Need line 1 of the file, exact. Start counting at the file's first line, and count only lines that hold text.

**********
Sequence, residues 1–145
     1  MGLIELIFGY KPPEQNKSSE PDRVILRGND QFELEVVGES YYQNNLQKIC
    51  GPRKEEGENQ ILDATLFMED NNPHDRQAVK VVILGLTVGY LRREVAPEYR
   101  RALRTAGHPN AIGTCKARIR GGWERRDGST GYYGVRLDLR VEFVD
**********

Sequence, residues 1–145